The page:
Visuality and new Media: The Transformation of the „Seen“ and „Seer“ and the Stability of Visual Content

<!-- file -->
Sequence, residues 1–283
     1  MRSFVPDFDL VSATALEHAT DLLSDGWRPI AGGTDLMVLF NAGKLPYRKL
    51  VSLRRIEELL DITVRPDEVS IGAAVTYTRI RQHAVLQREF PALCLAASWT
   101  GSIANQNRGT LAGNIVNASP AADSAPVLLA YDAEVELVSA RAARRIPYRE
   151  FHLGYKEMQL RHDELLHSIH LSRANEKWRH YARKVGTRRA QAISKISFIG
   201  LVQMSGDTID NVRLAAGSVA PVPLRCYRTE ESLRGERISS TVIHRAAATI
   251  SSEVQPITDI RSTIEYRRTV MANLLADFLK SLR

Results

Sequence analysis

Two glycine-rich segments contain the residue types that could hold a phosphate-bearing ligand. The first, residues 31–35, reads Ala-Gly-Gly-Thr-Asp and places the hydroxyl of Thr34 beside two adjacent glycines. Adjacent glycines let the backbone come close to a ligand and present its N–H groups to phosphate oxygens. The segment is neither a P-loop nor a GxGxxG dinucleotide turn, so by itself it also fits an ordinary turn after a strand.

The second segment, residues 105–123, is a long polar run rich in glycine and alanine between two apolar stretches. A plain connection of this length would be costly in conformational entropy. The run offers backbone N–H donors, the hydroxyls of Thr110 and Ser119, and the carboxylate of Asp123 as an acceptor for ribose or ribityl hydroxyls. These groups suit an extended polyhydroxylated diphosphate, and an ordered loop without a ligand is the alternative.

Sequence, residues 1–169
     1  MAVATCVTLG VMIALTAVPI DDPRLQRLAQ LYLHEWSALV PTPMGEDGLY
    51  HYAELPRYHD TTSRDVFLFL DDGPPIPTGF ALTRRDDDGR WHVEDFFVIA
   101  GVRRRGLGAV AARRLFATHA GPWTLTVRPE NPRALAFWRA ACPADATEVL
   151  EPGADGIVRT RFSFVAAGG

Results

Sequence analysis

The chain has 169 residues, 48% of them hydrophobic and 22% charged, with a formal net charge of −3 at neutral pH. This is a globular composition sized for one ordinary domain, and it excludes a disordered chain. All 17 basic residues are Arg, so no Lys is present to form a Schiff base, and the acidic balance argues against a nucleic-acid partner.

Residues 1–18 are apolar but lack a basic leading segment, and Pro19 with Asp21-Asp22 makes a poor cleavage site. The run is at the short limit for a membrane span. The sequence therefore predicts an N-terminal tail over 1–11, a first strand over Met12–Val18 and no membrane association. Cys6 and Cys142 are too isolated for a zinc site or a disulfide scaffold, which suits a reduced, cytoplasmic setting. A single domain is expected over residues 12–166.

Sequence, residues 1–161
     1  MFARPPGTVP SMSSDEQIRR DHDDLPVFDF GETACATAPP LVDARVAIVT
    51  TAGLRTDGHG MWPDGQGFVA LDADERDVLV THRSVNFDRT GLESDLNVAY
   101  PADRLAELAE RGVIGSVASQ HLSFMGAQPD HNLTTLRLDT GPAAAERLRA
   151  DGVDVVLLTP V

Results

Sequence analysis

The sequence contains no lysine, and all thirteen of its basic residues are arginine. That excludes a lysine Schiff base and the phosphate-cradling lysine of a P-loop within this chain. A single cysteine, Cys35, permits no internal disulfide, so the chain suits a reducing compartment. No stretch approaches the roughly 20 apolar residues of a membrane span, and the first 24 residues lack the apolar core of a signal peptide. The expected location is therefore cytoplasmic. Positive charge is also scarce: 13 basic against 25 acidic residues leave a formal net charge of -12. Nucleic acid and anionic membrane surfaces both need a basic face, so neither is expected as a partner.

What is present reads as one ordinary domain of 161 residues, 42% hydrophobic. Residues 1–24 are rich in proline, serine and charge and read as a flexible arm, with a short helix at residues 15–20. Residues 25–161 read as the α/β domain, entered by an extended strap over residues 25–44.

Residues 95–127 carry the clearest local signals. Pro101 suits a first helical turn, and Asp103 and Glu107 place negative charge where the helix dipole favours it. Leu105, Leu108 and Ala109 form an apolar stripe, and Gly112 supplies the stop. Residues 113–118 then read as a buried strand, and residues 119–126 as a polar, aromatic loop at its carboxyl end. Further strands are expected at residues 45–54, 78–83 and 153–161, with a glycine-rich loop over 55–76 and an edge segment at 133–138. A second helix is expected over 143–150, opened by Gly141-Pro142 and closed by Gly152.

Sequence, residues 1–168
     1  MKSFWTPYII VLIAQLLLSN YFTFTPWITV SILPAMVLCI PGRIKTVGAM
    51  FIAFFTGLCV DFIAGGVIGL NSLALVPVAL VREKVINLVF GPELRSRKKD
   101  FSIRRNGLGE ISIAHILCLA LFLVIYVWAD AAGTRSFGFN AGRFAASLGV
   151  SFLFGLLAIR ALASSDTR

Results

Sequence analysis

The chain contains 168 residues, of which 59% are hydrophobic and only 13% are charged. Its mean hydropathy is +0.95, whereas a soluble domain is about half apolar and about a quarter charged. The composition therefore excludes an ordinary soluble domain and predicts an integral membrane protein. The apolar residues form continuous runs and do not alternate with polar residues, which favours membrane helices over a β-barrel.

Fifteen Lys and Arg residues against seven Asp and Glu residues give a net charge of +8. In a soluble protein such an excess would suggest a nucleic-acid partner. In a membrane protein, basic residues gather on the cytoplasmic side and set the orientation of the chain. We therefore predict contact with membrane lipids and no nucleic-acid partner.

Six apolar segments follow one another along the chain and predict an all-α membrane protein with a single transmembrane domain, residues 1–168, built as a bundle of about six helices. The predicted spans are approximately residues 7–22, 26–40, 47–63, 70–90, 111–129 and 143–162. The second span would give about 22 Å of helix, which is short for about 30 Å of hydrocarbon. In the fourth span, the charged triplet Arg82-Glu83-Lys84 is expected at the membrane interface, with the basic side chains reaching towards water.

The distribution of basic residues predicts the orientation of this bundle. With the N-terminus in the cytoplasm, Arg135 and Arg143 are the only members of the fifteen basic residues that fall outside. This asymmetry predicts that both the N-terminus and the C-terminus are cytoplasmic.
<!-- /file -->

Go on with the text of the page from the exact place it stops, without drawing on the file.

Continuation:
As John Berger asserted, “seeing” has been a central form of cognition from the past to the present: “Seeing comes before words. The child looks and recognizes before it can speak”. The age in which we live is definitely a visual age. In other worlds, media visuality in particular is an important part of our lives. Many media messages are not only supported by visuality but also constructed by it. Images and visuality determine the “reality” in today’s world. Can we understand, analyse and regularize this visual feast? Are we able to notice the reality and the partial representation of the reality in pictorial information? Cyberculture is rapidly absorbing all other forms of the media. Moreover, structured and processed images are used regularly in media contents. We can certainly recognize this visual bombardment by looking at both the historical change in the “seen” and the “seer” and the stability of the media contents for construing the images. “Seen” is now perceived to be more “real” with developments in image-based new media. On the other hand, according to some scholars like Giovanni Sartori (1998), from now on the human eye is not the subject of the seeing. It now is the object of seeing activity as a “seen eye” instead of “seeing eye”. The seer is humbled in front of the visual image at which he is looking. On the other hand, many viewers still have difficulty reading pictorial information and derive from it only hegemonic meaning. In other words, the visual contents of the media reproduce over and over again the systems’ codes in stereotypical representations. The transformation of “seen” and “seer” serves to reproduce the stereotypes by imagery content. Although the case study and samples of this research have not been clarified yet, this project aims to study visuality and identity in terms of the visuality of gender.